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Loren Schoenberg -- Writings

Jazz U.K. Column - May 2005

As usual there was a lot of fine piano playing going on last month in Manhattan. On one Wednesday I heard two trios representing two distinct generations. The World Financial Center's Winter Garden hosted a lunch hour concert that featured Eric Lewis, a young firebrand who earned his stripes with Wynton Marsalis, and who has gone out on his own as a leader, and if this presentation was any indication of his talents, he should have no problem establishing himself as a major presence. He handled the microphone with the same warmth and sense of inclusiveness as he did the trio. Lewis's original compositions were for the most part extended into several minutes each, but they seemed to drag. The narrative focus was always sharp, and the trio modulated from section to section with ease. Veteran pianist Steve Kuhn was in the middle of a week's run at Birdland the same evening, and while his repertoire was in a sense more conventional he brought to it a lifetime's worth of wisdom and pacing. The music the trio made was truly contrapuntal in the sense that bassist Ron Carter and drummer Al Foster did not restrict themselves to just timekeeping, but created an ongoing dialogue that amplified whatever Kuhn was doing at the piano, which was unerringly tasteful. Foster was in particularly fine fettle, playing at a low dynamic level most of the time which made it all the more effective when he chose to underline a given passage in a fashion worthy of an entire orchestral percussion section. One tune found him hitting the cymbals with his fists, and it worked!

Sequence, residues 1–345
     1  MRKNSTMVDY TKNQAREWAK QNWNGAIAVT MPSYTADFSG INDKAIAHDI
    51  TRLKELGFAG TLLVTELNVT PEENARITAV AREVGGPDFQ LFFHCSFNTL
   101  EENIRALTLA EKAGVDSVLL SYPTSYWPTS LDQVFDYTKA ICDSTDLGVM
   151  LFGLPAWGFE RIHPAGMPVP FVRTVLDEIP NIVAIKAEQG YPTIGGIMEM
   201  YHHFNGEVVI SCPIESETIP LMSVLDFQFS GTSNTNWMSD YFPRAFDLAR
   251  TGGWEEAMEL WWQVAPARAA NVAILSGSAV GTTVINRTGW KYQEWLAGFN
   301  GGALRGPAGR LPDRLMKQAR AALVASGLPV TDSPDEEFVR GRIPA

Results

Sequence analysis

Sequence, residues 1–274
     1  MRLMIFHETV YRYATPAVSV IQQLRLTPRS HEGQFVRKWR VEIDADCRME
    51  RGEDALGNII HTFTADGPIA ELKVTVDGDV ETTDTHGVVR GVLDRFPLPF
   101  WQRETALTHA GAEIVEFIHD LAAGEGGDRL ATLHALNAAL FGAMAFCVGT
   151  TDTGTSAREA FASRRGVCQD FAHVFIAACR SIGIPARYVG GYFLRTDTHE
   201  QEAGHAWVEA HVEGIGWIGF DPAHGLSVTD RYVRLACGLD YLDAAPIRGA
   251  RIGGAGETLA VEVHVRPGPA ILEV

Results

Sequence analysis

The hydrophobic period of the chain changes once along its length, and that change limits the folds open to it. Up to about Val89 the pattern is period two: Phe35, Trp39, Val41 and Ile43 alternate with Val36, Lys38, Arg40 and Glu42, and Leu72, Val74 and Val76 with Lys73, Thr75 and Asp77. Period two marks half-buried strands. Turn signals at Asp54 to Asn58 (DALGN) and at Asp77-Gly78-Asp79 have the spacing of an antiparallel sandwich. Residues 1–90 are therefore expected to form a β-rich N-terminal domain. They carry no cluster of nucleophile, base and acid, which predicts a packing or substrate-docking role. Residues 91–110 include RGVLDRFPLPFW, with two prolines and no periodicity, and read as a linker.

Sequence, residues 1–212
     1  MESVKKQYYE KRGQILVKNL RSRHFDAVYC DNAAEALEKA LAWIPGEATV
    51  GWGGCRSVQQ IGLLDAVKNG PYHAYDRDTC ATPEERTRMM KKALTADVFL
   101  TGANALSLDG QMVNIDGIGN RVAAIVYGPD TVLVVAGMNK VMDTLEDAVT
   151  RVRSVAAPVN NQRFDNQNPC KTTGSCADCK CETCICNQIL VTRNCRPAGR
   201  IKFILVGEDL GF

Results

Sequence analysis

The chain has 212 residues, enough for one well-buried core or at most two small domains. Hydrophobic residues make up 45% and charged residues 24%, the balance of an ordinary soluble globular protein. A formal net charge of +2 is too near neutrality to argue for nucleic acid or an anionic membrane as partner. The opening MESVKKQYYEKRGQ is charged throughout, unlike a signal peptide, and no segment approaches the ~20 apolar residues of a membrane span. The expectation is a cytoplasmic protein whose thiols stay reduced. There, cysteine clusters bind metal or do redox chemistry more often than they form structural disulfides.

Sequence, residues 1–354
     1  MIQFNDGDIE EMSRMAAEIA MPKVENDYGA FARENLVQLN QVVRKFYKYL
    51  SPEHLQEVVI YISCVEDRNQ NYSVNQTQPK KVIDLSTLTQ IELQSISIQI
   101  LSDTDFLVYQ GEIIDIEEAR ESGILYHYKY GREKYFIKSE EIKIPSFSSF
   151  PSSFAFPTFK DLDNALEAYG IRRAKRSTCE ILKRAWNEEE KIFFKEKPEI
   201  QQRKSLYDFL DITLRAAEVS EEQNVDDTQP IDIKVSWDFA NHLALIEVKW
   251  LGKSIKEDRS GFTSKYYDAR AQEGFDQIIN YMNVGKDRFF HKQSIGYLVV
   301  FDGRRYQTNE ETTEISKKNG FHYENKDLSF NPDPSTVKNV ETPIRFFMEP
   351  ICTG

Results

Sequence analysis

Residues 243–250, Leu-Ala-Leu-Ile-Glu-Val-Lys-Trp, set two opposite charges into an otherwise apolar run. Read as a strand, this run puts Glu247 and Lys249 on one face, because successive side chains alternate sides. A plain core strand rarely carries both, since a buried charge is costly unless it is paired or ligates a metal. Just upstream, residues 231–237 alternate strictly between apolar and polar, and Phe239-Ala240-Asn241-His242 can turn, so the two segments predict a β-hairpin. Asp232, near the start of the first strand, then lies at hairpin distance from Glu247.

It's sad but true - there have been precious few novels, plays or films that capture the essence of jazz from the musician's perspective. One that comes very close is Monk, a one-man play currently appearing (through May 8th) off-Broadway at New York’s Abington Theatre. Written by Laurence Holder and performed by Rome Neal, the play started off as an eight-week production at the Nuyorican Poets Café in 2000. Eventually, Monk went on to be performed in venues like the Clef Club in Philadelphia, Pa., Crossroads Regional Theatre in New Brunswick, N.J. and the Artist Collective in n Hartford, Conn. Neal is an arresting actor who has parlayed his physical resemblance to his character into something quite deep and wonderful. He kept the audience's attention rapt for the entire performance (performed without a matinee on the evening I saw it) and really brings home the human element behind all that music. While the score by Bill Lee is more than serviceable, it would help if the rights to Monk's actual music could be secured. But don’t let that get in the way of your seeking the play out, and better yet, finding someone to bring it over - it's worth it.

 

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